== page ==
A story came down the grapevine today about a group of Machu Pichu tourists who shat all over a temple. The internet is ablaze with cries of “death to dumpers!” and “wipe them… out!” But I’m a sucker for the archetypal public defender we see on TV: exhausted, fraying briefcase, bad suit, tie askance, terrible apartment, coughing blood into a napkin, ready to throw in the towel but rising to the occasion during closing arguments, winning the case and our hearts. Permit me a shot at the poopers’ defense.
I’ve heard the hike to Machu Pichu is no joke. It takes four days. Why they haven’t built some sort of funicular or chairlift to get people there faster is a mystery. Of all the Pichus, it’s by far the most Machu. What’s more, every theme park in the world has a flash pass for people who have worked hard enough to afford the joy of breezing past the line straight to the fun. Machu Pichu can’t sort that out? At the very least, they should offer some sort of fast goat ride experience. Where you strap in to the fastest goat in town and bounce up the hill like those monkeys that ride dogs at halftime.
The point is, let’s not be so quick to point the poop finger at these tourists. They’re in a foreign country, foraging for roots and berries, catching the stray llama and gorging on its neck flesh for survival. Isn’t it possible—dare I say likely—that their bowels released involuntarily? I’ve never been to Peru but I can guarantee you it would effect the timing and location of my poops.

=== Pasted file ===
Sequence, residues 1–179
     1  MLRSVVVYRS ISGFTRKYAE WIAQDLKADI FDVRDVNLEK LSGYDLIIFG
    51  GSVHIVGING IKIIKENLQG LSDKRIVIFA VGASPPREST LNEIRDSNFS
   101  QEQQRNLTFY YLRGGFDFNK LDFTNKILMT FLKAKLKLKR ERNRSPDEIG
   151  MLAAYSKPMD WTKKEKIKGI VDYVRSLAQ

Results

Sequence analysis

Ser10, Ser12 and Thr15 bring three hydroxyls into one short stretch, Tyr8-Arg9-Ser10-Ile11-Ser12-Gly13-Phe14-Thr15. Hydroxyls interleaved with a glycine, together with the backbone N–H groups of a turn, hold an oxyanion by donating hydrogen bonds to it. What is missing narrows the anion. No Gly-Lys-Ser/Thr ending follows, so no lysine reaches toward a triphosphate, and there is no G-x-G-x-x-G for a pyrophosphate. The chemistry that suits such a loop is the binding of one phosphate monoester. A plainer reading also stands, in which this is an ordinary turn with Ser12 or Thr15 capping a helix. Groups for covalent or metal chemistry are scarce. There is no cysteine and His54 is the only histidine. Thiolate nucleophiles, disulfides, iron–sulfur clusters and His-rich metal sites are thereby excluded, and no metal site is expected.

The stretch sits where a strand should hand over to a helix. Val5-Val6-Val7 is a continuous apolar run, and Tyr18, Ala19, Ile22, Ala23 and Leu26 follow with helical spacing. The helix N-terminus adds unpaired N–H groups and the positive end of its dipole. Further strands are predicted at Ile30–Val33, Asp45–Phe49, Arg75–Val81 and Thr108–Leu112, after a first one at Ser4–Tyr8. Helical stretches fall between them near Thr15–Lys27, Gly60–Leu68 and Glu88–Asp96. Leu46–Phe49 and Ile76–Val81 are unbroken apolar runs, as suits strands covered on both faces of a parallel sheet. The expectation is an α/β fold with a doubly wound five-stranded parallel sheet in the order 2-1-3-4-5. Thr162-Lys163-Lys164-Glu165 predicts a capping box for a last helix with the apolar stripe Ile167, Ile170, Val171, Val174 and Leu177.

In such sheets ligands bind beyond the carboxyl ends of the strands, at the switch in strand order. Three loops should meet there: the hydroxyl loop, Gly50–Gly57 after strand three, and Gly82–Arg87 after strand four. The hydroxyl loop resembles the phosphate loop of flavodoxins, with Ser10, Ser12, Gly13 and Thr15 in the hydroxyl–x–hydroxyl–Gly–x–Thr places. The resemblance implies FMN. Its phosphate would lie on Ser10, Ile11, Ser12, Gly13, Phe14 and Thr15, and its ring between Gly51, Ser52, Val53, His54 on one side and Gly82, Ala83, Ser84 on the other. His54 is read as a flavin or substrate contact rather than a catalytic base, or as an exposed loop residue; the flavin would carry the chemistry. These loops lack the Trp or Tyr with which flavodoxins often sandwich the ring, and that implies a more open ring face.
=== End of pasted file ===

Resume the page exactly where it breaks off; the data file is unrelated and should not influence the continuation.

Leyva said there was a “fracture” found in a piece of stone that had was “broken off a wall and caused a crack in the floor.” Authorities also discovered feces inside the ancient temple…
The group included two Brazilians, two Argentinians, one French tourist and another from Chile, the outlet reported.
So… the park rangers found these six rogues in an off-limits temple near a crack in the floor. You read that as vandalism, I read it as a group in desperate need of a bathroom. They saw a roped-off, private, dark temple, busted a crack in the floor to create a toilet, and tried their best to maintain their dignity while their insides emptied out. Six people from four different countries, united in their discomfort, willing to step over boundaries to ensure the other tourists not witness their gruesome evacuation?
These heroes deserve wet wipes, not prison.